Commenting on the situation facing councils that have money invested in Icelandic banks, Liberal Democrat Shadow Communities and Local Government Secretary, Julia Goldsworthy said:
"The first priority has to be that the Government supports councils to recover as much of their money as possible. It must also look at the potential for the capitalisation of any remaining debts to avoid service cuts or immediate Council Tax rises at all costs.
"We need to know the extent of the risk and under what circumstance councils made these commitments. Some councils that deliberately avoided taking these risks should have their prudence acknowledged.
"The real issue here is making sure that front line services like fire and policing, social care and transport are protected.
"The answer isn’t for the Government to guarantee these loans. That would simply pass the buck from local taxpayers to income taxpayers, which would not be much comfort to those already struggling to pay their bills.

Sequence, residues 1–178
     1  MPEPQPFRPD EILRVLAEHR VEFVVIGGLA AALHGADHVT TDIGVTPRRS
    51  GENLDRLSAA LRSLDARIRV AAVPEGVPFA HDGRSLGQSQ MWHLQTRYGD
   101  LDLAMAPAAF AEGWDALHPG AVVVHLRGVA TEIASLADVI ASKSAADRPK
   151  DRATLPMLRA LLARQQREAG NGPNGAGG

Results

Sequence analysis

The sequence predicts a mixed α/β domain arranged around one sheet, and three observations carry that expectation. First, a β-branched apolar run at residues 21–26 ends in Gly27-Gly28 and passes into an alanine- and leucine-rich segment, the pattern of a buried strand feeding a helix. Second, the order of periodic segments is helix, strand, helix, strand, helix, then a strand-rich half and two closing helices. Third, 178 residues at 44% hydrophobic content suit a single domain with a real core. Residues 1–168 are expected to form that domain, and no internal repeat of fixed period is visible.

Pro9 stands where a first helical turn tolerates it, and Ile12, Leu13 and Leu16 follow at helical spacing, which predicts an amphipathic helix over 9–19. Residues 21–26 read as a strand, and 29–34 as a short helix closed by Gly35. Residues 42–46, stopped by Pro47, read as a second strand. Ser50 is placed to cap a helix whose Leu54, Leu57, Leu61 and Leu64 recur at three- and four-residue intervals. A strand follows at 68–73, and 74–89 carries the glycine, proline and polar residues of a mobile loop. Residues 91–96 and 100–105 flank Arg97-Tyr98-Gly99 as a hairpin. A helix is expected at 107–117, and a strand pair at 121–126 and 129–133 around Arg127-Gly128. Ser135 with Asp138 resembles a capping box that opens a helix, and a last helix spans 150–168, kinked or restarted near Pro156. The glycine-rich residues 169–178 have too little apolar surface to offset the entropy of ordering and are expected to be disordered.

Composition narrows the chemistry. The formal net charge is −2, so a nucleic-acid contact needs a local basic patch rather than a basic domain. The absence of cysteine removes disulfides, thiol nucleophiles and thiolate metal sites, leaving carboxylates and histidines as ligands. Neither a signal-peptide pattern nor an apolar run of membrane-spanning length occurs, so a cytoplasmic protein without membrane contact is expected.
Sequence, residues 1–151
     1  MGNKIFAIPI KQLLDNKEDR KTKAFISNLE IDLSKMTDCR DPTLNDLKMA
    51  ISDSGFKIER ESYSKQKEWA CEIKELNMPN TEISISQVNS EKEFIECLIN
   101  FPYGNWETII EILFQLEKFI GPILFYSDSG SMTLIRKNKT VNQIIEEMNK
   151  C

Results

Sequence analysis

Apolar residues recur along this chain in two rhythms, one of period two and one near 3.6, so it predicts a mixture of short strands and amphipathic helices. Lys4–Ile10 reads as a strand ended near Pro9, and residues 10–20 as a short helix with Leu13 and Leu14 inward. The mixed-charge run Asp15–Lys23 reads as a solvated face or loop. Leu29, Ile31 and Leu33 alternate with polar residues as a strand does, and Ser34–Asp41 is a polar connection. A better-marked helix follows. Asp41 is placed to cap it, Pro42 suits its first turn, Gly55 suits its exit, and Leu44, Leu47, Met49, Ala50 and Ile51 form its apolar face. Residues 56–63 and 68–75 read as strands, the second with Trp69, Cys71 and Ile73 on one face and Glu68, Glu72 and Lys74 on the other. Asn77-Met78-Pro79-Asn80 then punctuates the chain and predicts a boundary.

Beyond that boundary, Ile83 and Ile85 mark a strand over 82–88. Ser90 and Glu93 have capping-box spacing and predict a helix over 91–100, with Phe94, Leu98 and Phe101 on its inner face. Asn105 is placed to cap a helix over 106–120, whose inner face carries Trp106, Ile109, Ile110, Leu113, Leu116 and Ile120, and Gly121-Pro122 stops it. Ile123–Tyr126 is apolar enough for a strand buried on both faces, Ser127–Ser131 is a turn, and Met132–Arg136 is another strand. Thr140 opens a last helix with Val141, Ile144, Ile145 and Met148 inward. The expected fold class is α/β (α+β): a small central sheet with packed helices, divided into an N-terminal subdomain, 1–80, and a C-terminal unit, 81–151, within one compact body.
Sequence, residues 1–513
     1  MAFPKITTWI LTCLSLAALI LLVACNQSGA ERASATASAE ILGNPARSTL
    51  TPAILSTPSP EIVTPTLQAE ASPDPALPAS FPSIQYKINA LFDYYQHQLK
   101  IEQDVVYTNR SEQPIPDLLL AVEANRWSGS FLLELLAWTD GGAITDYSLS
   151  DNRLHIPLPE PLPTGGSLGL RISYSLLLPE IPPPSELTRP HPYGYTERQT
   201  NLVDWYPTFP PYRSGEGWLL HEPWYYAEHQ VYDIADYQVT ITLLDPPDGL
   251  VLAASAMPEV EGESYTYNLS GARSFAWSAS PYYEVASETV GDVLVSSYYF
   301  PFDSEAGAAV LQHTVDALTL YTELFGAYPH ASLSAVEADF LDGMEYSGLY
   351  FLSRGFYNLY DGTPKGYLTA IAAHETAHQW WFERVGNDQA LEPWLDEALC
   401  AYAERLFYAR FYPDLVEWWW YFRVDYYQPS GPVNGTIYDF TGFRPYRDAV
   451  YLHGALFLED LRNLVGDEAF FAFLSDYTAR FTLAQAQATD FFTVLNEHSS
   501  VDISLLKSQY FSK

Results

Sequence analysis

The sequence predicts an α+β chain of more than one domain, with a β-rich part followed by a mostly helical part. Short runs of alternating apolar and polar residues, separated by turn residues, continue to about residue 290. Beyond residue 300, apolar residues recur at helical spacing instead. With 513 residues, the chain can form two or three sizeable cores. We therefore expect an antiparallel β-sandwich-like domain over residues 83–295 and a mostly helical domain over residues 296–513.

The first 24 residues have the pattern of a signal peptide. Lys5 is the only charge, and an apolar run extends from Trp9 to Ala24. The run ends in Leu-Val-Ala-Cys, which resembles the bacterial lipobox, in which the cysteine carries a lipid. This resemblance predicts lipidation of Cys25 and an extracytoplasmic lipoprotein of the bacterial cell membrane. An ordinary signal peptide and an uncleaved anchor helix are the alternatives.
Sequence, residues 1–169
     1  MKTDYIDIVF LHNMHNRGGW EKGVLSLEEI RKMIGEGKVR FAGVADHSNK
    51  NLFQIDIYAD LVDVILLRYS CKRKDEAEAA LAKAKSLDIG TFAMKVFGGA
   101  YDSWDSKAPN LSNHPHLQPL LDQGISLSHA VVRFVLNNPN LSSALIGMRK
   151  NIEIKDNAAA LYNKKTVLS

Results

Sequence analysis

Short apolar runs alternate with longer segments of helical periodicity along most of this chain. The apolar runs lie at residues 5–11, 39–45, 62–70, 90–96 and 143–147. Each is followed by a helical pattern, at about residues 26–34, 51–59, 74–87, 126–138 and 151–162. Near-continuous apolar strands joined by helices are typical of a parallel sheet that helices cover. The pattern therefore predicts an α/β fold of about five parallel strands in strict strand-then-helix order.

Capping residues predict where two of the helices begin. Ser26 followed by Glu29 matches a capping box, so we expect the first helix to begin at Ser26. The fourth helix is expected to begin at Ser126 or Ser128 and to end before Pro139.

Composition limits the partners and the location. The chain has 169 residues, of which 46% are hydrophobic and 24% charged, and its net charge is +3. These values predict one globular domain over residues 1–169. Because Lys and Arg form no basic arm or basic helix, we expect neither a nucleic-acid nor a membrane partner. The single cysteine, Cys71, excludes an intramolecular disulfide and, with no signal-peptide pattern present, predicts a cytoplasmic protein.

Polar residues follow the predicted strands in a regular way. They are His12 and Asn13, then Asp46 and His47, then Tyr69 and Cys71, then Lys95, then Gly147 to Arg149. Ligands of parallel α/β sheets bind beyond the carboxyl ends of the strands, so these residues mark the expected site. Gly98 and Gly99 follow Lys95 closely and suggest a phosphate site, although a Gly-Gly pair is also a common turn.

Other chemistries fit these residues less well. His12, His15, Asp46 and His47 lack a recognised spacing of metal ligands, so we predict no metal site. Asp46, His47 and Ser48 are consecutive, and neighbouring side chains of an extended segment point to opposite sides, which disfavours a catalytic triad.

"It is ridiculous for the Government to try to wash its hands of this, given that in many cases it is revenues councils were collecting for the Government, such as business rates, which are now at risk. These councils were operating within Treasury guidance.
"The next question is how far the problem will spread. PFI schemes for new schools and hospitals could be under threat."
Westminster must not dump the problem on the Welsh Assembly Government, as it has done for Scotland. That was one inference which could be drawn from TV interviews with the Secretary of State, Paul Murphy, last night. He gave no commitments, but gave the impression that it was enough for him to represent Wales in talks about the crisis.
Update: Neath Port Talbot CBC has issued a statement.